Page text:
These Plants That Care for Plants

Sometimes without being suspected, the plants in our garden prove to be real remedies against the ailments of their leafy neighbors. Here is a short guide for lovers of natural solutions, in the vegetable garden as well as in the ornamental garden.

Liquid manure, decoction, infusion … what difference?

It is not always easy to find your way among all the methods of preparing garden recipes whose names evoke grandmother’s potions. To simplify your life, here you will find a lexicon of the techniques used:

Liquid manure: leave to ferment for 1 to 4 weeks 1 kg of plants in 10L of water, stirring from time to time. The filter then uses diluted.

Infusion: infuse approximately 100 g of plants in 1L of hot water until completely cooled.

Decoction: slowly boil 100g of plants per liter of water for about fifteen minutes then leave to stand for a few hours.

Maceration: macerate cold between one and five days.
Each preparation will, of course, require some adaptations depending on the plant used. Whatever happens, use spring water or rainwater to make your mixes and use only freshly picked plants.

Before use, make sure to mix your preparations well. In this way, the active ingredients will not remain at the bottom of your container.

Fighting mushrooms

Very useful, plants with fungicidal action have the effect of preventing and eliminating cryptogamic diseases, that is to say, diseases caused by fungi. These microscopic mushrooms are almost invisible to the naked eye. When you can see them, it is often too late to act and the health of the host plant will quickly decline.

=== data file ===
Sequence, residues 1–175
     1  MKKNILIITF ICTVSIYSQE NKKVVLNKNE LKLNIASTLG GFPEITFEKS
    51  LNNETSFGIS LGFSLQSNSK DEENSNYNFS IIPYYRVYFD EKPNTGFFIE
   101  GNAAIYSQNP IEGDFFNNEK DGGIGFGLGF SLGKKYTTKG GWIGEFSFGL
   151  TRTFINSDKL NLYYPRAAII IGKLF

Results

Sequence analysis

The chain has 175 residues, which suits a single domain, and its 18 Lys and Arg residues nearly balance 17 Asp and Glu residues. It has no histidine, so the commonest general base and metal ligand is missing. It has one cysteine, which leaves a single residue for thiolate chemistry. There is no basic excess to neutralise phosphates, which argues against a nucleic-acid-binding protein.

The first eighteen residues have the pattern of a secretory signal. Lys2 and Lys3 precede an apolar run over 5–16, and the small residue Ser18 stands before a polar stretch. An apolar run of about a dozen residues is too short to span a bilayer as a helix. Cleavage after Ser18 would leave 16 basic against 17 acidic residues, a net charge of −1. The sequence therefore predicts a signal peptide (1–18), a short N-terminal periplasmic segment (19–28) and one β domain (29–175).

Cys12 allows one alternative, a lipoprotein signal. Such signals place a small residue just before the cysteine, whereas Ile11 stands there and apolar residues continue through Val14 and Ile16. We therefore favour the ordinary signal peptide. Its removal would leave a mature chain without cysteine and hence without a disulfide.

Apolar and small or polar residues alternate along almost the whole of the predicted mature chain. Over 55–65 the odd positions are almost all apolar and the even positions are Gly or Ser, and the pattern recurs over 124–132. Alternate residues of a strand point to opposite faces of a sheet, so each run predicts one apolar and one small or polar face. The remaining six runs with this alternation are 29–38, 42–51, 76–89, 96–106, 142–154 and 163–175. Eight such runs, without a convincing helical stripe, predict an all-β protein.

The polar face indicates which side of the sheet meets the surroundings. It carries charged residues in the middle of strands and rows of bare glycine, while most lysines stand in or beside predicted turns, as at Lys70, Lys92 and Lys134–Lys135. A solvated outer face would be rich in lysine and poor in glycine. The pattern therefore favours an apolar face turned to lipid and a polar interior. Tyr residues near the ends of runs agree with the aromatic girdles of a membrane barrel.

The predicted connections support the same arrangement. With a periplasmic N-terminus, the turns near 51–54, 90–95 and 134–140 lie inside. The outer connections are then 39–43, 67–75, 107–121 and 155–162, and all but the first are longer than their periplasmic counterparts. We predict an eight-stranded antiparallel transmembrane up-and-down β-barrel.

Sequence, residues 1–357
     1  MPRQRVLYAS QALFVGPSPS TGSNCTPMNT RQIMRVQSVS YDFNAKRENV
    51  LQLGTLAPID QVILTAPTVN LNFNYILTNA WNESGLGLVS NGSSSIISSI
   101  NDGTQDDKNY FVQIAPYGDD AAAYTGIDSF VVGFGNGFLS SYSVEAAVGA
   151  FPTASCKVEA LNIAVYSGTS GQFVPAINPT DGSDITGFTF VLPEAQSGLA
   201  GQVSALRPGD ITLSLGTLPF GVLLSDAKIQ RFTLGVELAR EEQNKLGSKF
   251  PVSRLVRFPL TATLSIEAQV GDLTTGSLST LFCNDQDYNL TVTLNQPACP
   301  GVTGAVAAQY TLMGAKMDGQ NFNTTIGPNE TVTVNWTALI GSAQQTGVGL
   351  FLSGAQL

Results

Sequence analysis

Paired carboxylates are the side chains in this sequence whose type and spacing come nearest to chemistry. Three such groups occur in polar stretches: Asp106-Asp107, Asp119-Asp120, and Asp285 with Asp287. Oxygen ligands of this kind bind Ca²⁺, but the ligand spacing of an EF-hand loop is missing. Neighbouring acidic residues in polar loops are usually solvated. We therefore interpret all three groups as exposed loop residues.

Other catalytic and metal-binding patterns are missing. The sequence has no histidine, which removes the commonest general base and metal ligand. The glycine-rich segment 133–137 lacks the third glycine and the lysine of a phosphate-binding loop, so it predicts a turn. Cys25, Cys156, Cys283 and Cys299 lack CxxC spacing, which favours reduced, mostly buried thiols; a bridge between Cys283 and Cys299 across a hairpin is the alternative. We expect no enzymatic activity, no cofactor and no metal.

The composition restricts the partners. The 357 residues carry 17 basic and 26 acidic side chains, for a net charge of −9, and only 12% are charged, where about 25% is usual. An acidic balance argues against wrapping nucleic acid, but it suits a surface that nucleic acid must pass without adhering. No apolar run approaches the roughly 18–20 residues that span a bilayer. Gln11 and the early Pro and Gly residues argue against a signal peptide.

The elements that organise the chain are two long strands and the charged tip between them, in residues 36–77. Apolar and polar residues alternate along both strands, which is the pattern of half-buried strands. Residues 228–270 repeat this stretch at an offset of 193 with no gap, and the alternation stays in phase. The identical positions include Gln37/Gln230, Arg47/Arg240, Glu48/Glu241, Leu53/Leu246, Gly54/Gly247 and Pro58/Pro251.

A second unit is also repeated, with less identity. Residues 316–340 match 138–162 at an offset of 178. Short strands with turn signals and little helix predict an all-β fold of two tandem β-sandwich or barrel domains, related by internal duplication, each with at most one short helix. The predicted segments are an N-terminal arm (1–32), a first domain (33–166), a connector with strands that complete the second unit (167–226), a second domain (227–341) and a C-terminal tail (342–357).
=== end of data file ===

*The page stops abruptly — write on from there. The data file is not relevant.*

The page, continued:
Insecticides and natural repellents

It is true that some insects and small animals can be very greedy in the vegetable garden and cause a lot of damage. Act quickly before the infestation is too large to control.
Furthermore, rather than waging an endless war against insects, it may be welcome to give them a space of freedom in a corner of the garden. This meager sacrifice will divert their attention and avoid you to unbalance the biodiversity of your garden.

Stimulating plants

Burdock is astonishing multitasking: not only is it at the origin of the invention of Velcro, but it also has a stimulating effect on plants in the garden.

It should also be noted that certain plants have the effect of strengthening the microbial flora on and near the plants, thus immunizing them against numerous attacks. Because a healthy plant is a more resistant plant.

Here is a selection of six plants with stimulating properties in the garden:

  • Yarrow macerated for two to three days or a chamomile decoction, diluted to 10%;
  • Burdock in infusion then diluted to 25%;
  • Comfrey, nettle or dandelion in infusion diluted to about 5%.

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